August 03, 2015

U.S. Marines Corps declares ten F-35Bs operational after the US spent $100 billion and counting

The U.S. Marine Corps' F-35B Lightning II aircraft reached initial operational capability July 31, 2015 with a squadron of 10 F-35Bs ready for world-wide deployment.

Marine Fighter Attack Squadron 121 (VMFA-121), based in Yuma, Arizona, is the first squadron in military history to become operational with an F-35 variant, following a five-day Operational Readiness Inspection, which concluded July 17.

“I am pleased to announce that VMFA-121 has achieved Initial Operational Capability in the F-35B, as defined by requirements outlined in the June 2014 Joint Report to Congressional Defense Committees,” said Gen. Joseph Dunford, Commandant of the Marine Corps. “VMFA-121 has ten aircraft in the Block 2B configuration with the requisite performance envelope and weapons clearances, to include the training, sustainment capabilities, and infrastructure to deploy to an austere site or a ship. It is capable of conducting Close Air Support, Offensive and Defensive Counter Air, Air Interdiction, Assault Support Escort and Armed Reconnaissance as part of a Marine Air Ground Task Force, or in support of the Joint Force.”

Dunford stated that he has his full confidence in the F-35B’s ability to support Marines in combat, predicated on years of concurrent developmental testing and operational flying.





As the future of Marine Corps tactical aviation, the F-35 will eventually replace three legacy platforms: the AV-8B Harrier, the F/A-18 Hornet, and the EA-6B Prowler.

The U.S. Marine Corps has trained and qualified more than 50 Marine F-35B pilots and certified about 500 maintenance personnel to assume autonomous, organic-level maintenance support for the F-35B.

VMFA-121's transition will be followed by Marine Attack Squadron 211 (VMA-211), an AV-8B squadron, which is scheduled to transition to the F-35B in fiscal year 2016. In 2018, VMA-311 will conduct its transition to the F-35B.

$100 billion and may years to get to this point

The first F-35A (designated AA-1) was rolled out in Fort Worth, Texas, on 19 February 2006. In September 2006, the first engine run of the F135 in an airframe took place. On 15 December 2006, the F-35A completed its maiden flight. A modified Boeing 737–300, the Lockheed CATBird has been used as an avionics test-bed for the F-35 program, including a duplication of the cockpit.

The first F-35B (designated BF-1) made its maiden flight on 11 June 2008, piloted by BAE Systems' test pilot Graham Tomlinson. Flight testing of the STOVL propulsion system began on 7 January 2010. The F-35B's first hover was on 17 March 2010, followed by its first vertical landing the next day. During a test flight on 10 June 2010, the F-35B STOVL aircraft achieved supersonic speeds as had the X-35B before. In January 2011, Lockheed Martin reported that a solution had been found for the cracking of an aluminum bulkhead during ground testing of the F-35B. In 2013, the F-35B suffered another bulkhead cracking incident. This will require redesign of the aircraft, which is already very close to the ultimate weight limit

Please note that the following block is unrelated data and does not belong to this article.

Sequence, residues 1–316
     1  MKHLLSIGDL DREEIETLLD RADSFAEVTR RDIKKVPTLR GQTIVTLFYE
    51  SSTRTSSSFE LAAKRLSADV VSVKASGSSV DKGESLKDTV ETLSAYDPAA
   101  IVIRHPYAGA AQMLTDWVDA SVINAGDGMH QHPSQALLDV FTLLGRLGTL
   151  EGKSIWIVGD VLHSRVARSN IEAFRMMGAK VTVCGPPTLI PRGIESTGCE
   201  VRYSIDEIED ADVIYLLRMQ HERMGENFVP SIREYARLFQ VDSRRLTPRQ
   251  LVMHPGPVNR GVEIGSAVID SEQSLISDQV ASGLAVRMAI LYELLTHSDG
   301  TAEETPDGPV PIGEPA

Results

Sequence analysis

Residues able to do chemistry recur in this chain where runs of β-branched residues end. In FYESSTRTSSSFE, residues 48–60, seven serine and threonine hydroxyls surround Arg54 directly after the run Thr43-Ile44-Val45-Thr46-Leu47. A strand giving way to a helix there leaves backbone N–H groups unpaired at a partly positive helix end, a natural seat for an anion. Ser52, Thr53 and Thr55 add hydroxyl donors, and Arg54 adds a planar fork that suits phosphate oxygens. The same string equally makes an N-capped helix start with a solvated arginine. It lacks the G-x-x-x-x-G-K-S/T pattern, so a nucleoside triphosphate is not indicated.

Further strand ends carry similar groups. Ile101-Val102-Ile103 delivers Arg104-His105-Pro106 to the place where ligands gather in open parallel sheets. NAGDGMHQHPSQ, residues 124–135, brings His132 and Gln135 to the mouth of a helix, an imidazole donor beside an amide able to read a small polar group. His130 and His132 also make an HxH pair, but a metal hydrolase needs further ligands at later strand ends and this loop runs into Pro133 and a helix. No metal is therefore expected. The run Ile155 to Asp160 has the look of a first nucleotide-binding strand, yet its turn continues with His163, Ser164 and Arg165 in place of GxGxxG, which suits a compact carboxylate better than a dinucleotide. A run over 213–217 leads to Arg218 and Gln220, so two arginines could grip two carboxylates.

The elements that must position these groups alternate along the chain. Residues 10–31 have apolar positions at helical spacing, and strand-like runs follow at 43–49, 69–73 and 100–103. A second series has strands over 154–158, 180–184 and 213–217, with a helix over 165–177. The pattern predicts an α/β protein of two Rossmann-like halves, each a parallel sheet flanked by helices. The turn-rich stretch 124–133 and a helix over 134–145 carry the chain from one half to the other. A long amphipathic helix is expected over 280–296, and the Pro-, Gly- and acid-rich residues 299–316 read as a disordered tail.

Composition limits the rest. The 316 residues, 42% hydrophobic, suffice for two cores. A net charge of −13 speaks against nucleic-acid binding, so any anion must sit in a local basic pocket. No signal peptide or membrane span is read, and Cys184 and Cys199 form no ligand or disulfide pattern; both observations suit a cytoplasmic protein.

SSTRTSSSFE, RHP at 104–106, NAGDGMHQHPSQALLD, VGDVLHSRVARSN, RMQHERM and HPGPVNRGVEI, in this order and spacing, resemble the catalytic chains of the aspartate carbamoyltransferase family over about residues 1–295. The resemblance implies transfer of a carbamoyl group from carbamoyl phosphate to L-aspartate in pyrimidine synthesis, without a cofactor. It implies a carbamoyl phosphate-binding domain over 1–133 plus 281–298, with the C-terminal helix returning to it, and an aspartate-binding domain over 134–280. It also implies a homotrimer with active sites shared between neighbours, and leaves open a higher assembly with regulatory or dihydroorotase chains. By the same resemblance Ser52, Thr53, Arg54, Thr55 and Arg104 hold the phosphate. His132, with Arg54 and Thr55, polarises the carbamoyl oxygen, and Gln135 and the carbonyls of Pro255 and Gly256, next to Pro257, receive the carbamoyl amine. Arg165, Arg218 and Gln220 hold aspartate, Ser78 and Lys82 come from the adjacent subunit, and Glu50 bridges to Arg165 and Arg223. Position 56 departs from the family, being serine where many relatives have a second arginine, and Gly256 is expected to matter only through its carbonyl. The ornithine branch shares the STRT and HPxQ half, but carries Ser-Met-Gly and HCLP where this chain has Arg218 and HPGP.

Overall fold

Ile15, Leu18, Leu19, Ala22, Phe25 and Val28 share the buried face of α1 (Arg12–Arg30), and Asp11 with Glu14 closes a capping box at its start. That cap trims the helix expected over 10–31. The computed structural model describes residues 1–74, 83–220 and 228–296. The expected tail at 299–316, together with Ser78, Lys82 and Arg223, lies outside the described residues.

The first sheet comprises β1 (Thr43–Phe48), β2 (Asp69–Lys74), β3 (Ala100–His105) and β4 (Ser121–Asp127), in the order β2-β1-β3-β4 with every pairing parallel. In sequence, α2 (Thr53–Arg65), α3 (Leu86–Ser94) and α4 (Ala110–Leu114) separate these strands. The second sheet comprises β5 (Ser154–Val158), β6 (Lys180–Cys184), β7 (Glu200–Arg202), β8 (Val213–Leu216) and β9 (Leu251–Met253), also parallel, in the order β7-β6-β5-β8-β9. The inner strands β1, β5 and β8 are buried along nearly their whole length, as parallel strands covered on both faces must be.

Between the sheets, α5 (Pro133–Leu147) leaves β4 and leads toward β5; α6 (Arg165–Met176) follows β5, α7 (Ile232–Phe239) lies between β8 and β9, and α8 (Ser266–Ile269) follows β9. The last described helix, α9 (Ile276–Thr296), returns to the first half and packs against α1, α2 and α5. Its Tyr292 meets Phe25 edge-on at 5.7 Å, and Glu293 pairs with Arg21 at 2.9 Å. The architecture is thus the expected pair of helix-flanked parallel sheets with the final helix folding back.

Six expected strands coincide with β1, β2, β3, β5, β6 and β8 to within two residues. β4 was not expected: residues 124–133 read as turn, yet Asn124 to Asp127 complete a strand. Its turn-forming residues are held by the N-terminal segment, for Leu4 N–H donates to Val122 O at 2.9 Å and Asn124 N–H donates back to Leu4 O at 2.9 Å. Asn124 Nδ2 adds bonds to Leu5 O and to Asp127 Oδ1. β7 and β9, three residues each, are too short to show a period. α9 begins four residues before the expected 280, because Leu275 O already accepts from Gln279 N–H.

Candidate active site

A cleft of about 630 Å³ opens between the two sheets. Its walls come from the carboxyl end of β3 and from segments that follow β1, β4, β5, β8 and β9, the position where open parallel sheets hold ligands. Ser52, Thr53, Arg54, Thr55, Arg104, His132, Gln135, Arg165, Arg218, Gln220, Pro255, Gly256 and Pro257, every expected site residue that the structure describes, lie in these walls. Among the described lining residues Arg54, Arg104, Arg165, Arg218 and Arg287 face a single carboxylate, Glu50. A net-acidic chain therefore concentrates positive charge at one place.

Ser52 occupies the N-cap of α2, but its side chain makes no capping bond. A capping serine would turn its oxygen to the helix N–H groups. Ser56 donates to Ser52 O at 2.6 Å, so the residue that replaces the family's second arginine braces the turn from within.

Through FY2013, the F-35 program has received a total of roughly $83.3 billion of funding in then-year dollars, including roughly $49.0 billion in research and development, about 33.1 billion in procurement, and roughly $1.2 billion in military construction.

The Pentagon plans to spend about $10.6 billion on the F-35 in the fiscal year ending Oct. 1, 2015 a 23 percent increase over the previous year. The money will buy 57 aircraft versus 38 from the prior spending plan. The procurement figure is also higher than the 55 the Pentagon had previously said it was planning to buy this year.

Lockheed has so far made 120 F-35s and has another 100 in various stages of production. According to the company, each plane costs about $108 million, a 57 percent decline from eight years ago. Lockheed expects the price to fall to $85 million by 2019 as production gets more efficient.

In 2014, Lockheed delivered 36 F-35 fighter jets, producing them at an average rate of 3 per month. During the fourth quarter, Lockheed also finalized the lot 8 production (LRIP – low rate initial production) contract with the government for 43 F-35s. Deliveries for this contract will be made in 2015. So, Lockheed’s F-35 production and delivery volume is set to rise in the current year. Thereafter, in 2016 and 2017, F-35 production will significantly ramp up, crossing a run rate of 100 annual deliveries in 2018.

Lockheed's revenue rose by 9% per year to $12.5 billion, and its profit improved to $904 million in the fourth quarter. This strong fourth quarter enabled Lockheed to grow its 2014 top line, against expectations and the company’s own guidance. Lockheed posted $45.6 billion in total revenue in 2014, up marginally from $45.4 billion in 2013.


The Daily Beast reported last month that incomplete software means F-35 fighters won’t be able to fire their 25mm cannons until 2019 at the earliest, years after the jet goes into operation. Even once the gun is able to fire, the jet isn’t designed to carry much ammunition, making the cannon of limited use. The Pentagon disputed the severity of the reported problems.

SOURCES - Fiscal Times, Bidnessetc, Fas.org, Daily Beast, Forbes, Marines.mil

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